"At this point, they're just wasting their money with the phone calls. Somebody's giving them bad information," Codey said. "It's jamming our phone lines and we can't do our work here." He said his office got as many as 200 calls per hour. Corzine's office got 133 calls yesterday while Assembly Speaker Joseph Roberts (D-Camden) got about 200, according to their press secretaries.”

Brigid Harrison, a professor of political science and law at Montclair State University, said the anti-gay marriage campaign may be aimed not just at lawmakers, but at voters casting their ballots in the presidential primary on Feb. 5.

"This is something that is a wedge issue," Harrison said. "It drives people to the polls." (Schwaneberg and Margolin, Star-Ledger)



“They've clashed over alimony and custody, duked it out over visitation and battled over bills for psychotherapy, all the while calling each other nasty names.

Now comes a new category in the growing inventory of things to fight about in the messy McGreevey divorce case: a lavish child's birthday party — complete with ponies, clowns and face-painters — that might, or might not, take place this weekend.

In court papers released yesterday, former Gov. James E. McGreevey and Dina Matos McGreevey each contend the weekend is theirs to spend with daughter Jacqueline, who soon will be six.

Because of the conflict, Matos McGreevey has refused to allow Jacqueline to attend the birthday bash at the Plainfield home McGreevey shares with partner Mark O'Donnell.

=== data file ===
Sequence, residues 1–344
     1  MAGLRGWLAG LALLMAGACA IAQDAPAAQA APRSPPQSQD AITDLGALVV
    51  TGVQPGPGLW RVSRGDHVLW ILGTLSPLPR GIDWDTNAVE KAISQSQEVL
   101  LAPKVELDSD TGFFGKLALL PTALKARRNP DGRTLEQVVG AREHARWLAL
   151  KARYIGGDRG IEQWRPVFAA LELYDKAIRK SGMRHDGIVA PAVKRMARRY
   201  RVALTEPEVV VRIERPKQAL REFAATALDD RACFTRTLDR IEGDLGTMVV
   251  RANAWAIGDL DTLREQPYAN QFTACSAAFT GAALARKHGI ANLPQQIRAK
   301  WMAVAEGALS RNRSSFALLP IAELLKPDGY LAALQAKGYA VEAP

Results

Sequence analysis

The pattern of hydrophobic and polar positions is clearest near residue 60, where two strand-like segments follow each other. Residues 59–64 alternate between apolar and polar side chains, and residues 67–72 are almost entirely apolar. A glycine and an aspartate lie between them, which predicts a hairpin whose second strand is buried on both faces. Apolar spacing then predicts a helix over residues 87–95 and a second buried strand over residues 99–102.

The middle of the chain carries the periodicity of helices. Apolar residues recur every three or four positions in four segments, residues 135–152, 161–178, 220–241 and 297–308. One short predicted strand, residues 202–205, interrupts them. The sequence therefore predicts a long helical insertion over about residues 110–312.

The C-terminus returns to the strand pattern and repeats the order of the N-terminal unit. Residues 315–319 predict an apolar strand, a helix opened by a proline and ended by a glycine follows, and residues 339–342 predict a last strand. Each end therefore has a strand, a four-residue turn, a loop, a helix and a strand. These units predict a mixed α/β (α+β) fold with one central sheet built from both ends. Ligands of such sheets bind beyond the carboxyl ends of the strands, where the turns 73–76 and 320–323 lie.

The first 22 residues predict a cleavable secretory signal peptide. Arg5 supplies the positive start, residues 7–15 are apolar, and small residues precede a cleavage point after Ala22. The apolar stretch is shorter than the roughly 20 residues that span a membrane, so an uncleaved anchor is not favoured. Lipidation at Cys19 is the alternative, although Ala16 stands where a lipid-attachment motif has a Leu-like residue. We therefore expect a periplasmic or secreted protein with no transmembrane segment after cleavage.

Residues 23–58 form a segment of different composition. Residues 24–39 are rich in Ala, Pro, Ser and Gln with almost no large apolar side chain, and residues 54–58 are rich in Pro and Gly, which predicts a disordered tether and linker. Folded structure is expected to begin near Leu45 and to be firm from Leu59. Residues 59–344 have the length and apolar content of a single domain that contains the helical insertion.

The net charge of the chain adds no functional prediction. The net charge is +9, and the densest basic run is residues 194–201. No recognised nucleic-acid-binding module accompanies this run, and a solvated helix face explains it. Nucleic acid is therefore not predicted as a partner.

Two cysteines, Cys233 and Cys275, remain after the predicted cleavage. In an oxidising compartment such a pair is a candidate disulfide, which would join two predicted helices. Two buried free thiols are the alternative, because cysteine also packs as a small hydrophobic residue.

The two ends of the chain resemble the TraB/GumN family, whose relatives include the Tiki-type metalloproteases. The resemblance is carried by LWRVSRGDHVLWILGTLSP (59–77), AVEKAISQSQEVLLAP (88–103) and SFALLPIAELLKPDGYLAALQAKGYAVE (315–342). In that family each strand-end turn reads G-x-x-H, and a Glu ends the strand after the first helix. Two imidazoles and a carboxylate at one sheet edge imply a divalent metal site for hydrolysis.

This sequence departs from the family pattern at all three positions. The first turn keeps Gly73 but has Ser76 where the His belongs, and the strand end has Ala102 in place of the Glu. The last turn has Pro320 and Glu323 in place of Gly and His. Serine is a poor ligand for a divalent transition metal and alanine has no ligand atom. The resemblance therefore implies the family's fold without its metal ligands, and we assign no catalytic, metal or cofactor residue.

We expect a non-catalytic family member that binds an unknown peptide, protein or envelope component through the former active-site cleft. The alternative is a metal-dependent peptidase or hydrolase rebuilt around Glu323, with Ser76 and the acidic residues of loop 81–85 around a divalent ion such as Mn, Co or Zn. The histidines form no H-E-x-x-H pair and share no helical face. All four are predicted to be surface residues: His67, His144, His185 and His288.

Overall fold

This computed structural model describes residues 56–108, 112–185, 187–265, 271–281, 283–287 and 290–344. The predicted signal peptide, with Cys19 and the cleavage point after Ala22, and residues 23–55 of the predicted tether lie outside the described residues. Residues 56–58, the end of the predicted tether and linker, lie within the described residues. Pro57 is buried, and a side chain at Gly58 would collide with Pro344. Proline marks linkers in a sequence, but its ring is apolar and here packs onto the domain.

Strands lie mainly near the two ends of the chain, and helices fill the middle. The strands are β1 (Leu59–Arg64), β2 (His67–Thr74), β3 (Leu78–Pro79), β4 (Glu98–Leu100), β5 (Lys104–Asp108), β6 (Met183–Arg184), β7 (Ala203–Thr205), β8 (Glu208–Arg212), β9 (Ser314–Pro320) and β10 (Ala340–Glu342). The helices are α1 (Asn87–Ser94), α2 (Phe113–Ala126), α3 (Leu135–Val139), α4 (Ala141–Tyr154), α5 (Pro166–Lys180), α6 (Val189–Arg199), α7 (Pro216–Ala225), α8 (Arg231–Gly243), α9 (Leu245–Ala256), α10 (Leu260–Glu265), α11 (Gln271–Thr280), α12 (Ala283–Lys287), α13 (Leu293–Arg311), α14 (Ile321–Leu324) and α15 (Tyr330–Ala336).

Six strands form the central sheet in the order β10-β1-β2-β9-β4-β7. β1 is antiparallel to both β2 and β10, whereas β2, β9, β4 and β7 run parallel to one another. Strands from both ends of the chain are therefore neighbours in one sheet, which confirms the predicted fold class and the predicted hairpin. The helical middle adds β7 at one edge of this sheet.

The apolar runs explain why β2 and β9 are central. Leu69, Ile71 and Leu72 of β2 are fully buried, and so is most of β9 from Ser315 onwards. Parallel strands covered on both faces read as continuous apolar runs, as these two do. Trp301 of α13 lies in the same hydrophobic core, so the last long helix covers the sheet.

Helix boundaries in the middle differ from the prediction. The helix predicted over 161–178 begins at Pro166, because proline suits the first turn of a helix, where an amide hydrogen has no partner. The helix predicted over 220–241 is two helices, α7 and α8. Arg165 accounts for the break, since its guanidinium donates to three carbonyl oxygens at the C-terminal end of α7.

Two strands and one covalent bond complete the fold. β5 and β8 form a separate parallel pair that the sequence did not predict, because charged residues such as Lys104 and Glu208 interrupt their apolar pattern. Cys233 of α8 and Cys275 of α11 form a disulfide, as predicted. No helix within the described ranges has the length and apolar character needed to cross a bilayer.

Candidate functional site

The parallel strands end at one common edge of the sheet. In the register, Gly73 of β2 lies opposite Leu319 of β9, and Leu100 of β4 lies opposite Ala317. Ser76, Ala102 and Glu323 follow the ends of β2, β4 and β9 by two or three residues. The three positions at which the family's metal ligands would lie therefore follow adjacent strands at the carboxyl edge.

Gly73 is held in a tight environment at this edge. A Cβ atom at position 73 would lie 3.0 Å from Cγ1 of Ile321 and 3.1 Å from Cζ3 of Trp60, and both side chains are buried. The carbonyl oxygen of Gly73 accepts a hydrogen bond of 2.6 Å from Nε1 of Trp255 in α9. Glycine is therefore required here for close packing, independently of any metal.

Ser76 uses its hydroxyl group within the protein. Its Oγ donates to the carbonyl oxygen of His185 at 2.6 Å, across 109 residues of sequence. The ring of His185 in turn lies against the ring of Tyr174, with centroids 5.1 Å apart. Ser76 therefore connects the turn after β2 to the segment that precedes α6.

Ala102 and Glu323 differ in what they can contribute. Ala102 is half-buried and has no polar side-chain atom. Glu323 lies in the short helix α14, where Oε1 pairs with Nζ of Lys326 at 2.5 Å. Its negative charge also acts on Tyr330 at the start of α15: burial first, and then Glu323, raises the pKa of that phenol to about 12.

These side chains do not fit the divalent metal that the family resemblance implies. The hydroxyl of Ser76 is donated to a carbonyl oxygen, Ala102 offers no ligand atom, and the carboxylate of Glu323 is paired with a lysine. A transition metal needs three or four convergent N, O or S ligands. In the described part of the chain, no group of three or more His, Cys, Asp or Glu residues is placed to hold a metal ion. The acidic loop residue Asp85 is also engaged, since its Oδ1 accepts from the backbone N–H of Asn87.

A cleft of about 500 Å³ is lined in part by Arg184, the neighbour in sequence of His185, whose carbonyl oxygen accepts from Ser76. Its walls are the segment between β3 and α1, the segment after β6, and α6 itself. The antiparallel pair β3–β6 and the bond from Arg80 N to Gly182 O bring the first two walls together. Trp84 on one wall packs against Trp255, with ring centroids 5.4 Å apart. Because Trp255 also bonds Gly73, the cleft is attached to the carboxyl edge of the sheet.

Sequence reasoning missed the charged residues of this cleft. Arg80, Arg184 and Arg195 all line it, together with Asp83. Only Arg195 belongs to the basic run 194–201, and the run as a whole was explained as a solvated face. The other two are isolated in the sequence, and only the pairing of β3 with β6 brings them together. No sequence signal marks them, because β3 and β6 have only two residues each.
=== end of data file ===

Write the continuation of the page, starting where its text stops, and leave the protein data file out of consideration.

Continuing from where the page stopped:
In the absence of a compromise, Superior Court Judge Karen Cassidy is expected to decide the issue today in an Elizabeth courtroom, the setting for what is shaping up to be one of New Jersey's more epic breakups.

Matos McGreevey's lawyer, John Post, said Jacqueline was not scheduled to be with her father over the weekend, "but he scheduled a birthday party for her that weekend anyway." (Lucas, Star-Ledger)



A Democratic state legislator said yesterday that comments by the state transportation commissioner are a strong clue that Gov. Jon Corzine's plan to "restructure state finances" would cause highway tolls to triple.

Transportation Commissioner Kris Kolluri said this week that the state gasoline tax would have to jump from 14.5 cents per gallon to 58.5 cents per gallon to meet future transportation expansion and maintenance needs. That is one of the central aims of the governor's plan.

Assemblyman John Wisniewski (D-Middlesex), chairman of the Assembly Transportation Committee, said toll receipts would have to triple to raise the same amount of cash netted by such a gas tax increase — about $2.4 billion.

"Commissioner Kolluri's assertion that it would take a 44-cent increase in the gas tax to address the state's current and future transportation needs is revealing," Wisniewki said. "If administration officials know the minimum amount the motor fuels tax would need to be increased, then they also must know the minimum amou
nt tolls must increase to meet the same goals."” (Donohue, Star-Ledger)



“Former Bayonne Mayor Joseph V. Doria Jr. was a party to corruption, ticket-fixing and other official misconduct in the Bayonne Parking Authority, two former BPA employees allege in a civil lawsuit filed in federal court last month.

Former BPA Director Peter Hilburn and executive secretary Felicia Ryan claim they were fired for aiding the state Office of the Attorney General in an investigation of that alleged corruption in the lawsuit, which seeks damages for their allegedly wrongful termination.

Hilburn and Ryan charge that Hilburn told his personal attorney, Peter Cresci, that he was an informant – and Cresci, who also was the BPA's lawyer and an assistant city attorney – told Doria.